According to head of the consortium EuroBelarus Ulad Vialichka, the day of 19 December became a crucial milestone that has pre-determined the nature of Belarus’ development. He emphasized that today we witness “certain chaos inside the opposition, caused by the fact that some of politicians take part in the “election”, while other support the boycott”. The activist is convinced that in this situation the civil society is frustrated and doesn’t know what side to choose. “Lukashenka is the only one who benefits from the situation, because he acts alongside the principle “divide and rule”, Vialichka said. He also remarked that a part of the opposition acts this way because they are pressed by the powers.
Natallia Radzina clarified to the conference participants that right upon their release, the political prisoners told that the KGB had forced them not only to cooperate with the special services. The cooperation implied obligatory participation in the coming “parliamentary election”. “In other words, a part of the opposition will participate in the “election” under the pressure from the special services. At the same time, the special services skillfully use the others’ political ambitions. By partaking in the election, the opposition legitimizes the election farce showing that in Belarus, there is an election,” the journalists emphasized.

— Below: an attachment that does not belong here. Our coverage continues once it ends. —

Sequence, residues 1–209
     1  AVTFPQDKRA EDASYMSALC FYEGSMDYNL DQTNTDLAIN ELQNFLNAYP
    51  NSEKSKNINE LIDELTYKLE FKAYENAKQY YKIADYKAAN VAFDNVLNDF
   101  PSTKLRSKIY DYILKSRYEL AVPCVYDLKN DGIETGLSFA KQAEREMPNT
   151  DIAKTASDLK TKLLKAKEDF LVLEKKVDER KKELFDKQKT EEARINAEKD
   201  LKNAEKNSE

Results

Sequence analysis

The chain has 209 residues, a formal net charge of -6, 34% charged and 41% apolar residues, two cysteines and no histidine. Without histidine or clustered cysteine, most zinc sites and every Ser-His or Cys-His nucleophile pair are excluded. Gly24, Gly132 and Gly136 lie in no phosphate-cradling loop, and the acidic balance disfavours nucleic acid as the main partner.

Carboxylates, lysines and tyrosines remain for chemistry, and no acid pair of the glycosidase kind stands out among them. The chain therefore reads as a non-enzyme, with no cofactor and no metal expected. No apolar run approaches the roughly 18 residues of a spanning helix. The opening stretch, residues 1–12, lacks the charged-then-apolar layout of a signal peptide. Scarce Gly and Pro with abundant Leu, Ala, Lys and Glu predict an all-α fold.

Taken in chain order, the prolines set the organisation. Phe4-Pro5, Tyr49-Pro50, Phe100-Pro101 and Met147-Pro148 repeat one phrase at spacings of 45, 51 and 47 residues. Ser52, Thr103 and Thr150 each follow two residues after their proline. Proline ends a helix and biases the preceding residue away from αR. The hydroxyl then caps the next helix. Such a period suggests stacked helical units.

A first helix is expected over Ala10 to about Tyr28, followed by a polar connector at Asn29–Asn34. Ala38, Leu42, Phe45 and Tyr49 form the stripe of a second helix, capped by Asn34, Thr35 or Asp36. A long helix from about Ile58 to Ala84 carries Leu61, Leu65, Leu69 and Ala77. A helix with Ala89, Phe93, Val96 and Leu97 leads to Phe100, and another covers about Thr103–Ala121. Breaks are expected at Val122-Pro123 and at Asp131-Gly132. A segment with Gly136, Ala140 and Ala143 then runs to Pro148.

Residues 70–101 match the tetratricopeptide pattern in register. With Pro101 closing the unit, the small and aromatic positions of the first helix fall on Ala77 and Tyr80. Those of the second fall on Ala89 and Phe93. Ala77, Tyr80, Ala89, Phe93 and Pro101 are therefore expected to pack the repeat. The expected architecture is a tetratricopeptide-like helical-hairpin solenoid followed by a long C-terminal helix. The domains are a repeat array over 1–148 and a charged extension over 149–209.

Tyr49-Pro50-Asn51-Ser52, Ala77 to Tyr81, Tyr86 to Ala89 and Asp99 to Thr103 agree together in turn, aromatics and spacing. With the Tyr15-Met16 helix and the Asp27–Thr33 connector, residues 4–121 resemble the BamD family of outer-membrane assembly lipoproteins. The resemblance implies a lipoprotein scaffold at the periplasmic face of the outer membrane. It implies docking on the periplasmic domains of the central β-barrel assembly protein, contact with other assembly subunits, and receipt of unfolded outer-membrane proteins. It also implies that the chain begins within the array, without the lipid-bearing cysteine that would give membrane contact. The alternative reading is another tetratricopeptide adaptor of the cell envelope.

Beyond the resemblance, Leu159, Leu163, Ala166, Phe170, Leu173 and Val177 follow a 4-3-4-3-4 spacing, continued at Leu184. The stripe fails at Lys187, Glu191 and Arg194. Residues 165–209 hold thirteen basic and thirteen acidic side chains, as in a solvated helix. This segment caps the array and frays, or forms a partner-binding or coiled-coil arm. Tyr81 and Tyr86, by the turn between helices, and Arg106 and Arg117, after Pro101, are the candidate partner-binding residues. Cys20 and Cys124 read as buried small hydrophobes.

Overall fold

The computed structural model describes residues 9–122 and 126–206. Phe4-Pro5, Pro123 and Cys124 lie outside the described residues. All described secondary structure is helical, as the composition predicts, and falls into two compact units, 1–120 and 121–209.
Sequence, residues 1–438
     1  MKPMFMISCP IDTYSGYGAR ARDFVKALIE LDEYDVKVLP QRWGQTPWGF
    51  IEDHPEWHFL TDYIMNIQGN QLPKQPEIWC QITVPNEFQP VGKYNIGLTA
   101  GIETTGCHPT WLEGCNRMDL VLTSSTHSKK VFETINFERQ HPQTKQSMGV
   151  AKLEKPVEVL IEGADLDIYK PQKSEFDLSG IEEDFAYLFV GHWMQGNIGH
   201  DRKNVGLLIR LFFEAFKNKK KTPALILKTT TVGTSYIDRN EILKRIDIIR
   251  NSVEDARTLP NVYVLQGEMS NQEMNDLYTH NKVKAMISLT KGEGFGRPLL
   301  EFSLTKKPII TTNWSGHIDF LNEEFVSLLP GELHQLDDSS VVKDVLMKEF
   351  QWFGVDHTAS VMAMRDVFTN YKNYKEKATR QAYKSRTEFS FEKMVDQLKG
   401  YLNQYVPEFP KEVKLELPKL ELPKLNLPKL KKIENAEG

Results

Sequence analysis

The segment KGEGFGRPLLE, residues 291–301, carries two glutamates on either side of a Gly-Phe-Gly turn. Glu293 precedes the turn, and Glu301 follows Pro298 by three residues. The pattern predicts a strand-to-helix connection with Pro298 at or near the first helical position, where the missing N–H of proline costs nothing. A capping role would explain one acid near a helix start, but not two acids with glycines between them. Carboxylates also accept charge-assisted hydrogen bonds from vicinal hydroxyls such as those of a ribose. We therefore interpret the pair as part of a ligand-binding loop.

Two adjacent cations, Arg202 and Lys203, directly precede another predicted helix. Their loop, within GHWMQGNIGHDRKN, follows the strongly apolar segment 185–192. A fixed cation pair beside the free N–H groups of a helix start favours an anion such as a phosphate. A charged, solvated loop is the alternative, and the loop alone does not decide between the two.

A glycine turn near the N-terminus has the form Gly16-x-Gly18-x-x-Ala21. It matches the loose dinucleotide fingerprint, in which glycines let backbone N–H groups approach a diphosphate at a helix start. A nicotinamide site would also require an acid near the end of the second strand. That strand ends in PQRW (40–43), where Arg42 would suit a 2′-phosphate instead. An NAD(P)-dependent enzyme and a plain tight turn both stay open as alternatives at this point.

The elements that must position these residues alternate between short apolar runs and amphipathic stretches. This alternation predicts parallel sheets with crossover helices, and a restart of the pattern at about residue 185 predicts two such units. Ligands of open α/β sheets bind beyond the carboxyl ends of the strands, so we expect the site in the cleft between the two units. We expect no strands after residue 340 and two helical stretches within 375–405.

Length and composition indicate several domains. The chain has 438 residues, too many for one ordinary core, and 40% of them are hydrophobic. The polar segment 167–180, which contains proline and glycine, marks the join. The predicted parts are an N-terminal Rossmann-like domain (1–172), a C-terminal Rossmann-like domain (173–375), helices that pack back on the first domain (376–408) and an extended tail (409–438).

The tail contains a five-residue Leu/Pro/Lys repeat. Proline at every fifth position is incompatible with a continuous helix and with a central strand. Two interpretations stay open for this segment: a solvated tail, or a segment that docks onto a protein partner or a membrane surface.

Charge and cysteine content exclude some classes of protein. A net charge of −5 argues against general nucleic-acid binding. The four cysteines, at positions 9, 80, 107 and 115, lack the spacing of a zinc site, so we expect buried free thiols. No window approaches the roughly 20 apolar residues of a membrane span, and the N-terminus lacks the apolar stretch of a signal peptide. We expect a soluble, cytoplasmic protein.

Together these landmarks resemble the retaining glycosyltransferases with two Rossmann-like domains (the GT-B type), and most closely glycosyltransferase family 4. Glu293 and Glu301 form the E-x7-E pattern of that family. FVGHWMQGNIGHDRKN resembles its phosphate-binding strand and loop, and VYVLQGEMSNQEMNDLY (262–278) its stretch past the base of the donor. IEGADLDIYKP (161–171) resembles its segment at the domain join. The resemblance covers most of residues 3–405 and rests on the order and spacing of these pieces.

The discussion has also touched upon the European Union’s policy regarding Belarus.
Christian Mihr, the head of the German office of the Reporters Without Borders, said that he fully agreed with the assessment of the situation in Belarus of the editor-in-chief of charter97.org.
Christian Mihr remarked:
“The situation in the country is aggravating dramatically. In the international rating of freedom of speech, Belarus is number 168 of 179 countries. We are particularly concerned with the censorship and control over the Internet. Today it is crucial to speak about the role of German companies in this regard. Much of the technology that originates from the West, including Germany, is used for the censorship. We must regulate the market of technological equipment. This technology should be ranked the same as armor and shouldn’t be supplied to dictatorships.”
Bundestag deputy Marieluise Beck said: